NEW YORK, JUNE 19, 2017 -- Global Water Dances grew out of a conference of dancers and environmentalists who met to come up with ways that dance could mobilize people to protect the planet. "When people dance together, they connect in powerful ways and they generate a sense of agency in themselves and others," said Vannia Ibarguen, the Artistic Director of Global Water Dances.
Global Water Dances began in 2011, and has taken place every two years since then. The event has brought performers and audiences together in more than 250 cities, unified around a call to action to honor and protect water. Choreographers at each site create a dance for that site, whether it is by a river, lake, beach, park, or pool. All performances are free of charge, and family friendly.
Choreographers will couple with environmental education organizations through panel discussions, scientific and environmental speeches, or sharing petitions or taking other eco- actions. Ecological acts include cleaning rivers or beaches, speaking out against polluting or wasting water. There are many ecological agencies giving their support, like Center for Global Environmental Organization, World Water Rescue Foundation, Water.org, Sane Energy Project, Nature Conservancy, Huron River Watershed Council, Mississippi River Fund, 350.org, 5Gyres, to name a few.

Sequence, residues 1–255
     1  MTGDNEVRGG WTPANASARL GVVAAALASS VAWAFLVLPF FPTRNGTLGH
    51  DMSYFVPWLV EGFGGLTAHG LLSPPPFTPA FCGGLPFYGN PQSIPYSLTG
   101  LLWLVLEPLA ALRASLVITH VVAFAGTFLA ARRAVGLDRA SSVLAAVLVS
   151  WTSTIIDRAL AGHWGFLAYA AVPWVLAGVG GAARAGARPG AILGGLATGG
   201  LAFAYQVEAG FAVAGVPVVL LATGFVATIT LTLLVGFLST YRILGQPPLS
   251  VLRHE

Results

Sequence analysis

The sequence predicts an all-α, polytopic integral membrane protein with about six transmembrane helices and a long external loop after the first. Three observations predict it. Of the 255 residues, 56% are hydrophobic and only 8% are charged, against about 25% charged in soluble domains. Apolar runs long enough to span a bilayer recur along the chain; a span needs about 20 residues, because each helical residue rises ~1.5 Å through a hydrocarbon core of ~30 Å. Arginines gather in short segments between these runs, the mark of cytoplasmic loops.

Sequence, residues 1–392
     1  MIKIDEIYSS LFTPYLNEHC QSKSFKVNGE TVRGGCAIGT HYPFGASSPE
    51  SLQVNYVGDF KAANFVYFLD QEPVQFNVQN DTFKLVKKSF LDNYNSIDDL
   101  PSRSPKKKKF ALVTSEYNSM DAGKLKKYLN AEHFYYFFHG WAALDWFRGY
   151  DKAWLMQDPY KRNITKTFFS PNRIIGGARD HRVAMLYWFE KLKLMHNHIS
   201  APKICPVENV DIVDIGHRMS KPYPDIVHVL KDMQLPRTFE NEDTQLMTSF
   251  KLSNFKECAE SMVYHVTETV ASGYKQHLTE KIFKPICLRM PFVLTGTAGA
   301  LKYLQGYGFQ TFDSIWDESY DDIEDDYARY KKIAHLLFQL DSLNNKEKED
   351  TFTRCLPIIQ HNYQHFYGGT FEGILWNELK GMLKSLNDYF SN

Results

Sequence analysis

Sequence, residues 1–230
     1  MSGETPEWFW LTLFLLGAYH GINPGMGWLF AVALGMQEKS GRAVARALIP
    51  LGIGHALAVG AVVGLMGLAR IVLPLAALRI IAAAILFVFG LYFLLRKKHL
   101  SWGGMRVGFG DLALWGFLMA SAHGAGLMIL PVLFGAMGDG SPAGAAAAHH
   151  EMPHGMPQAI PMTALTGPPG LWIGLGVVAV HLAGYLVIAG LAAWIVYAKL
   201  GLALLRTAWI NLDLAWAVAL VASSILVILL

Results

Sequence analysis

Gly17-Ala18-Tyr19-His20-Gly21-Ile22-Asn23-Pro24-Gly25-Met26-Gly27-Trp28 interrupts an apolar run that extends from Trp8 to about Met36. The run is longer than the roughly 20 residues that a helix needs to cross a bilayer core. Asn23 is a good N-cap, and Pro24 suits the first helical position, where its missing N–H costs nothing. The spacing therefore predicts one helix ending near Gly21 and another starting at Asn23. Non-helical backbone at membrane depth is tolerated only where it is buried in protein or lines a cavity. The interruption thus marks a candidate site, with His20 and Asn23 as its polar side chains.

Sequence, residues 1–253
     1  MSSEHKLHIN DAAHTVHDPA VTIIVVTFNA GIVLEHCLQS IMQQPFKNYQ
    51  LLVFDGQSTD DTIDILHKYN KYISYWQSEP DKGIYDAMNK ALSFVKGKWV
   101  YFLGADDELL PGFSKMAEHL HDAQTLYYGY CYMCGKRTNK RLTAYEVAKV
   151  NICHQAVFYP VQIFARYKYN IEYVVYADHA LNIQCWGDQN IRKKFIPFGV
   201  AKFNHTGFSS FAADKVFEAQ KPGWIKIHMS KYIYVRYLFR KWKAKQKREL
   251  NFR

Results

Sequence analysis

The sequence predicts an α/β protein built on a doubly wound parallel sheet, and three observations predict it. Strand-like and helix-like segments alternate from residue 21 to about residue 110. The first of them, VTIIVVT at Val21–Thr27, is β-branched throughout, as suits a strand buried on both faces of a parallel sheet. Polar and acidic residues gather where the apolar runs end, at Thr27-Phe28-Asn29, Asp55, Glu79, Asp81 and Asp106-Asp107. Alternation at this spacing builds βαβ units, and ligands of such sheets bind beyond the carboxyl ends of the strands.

Global Water Dances is a project of the Laban/Bartenieff Institute of Movement Studies (LIMS) in New York City. "We know that Global Water Dances changes peoples' attitudes about water," said Ibarguen. "In 2013, we gathered survey responses from almost 1,000 people from four continents who attended their local performance. 75% of the respondents reported that the performance increased their interest in water issues and 78% said that the dance event inspired them to take action regarding water issues."
To find the closest Global Water Dances location, visit www.globalwaterdances.org.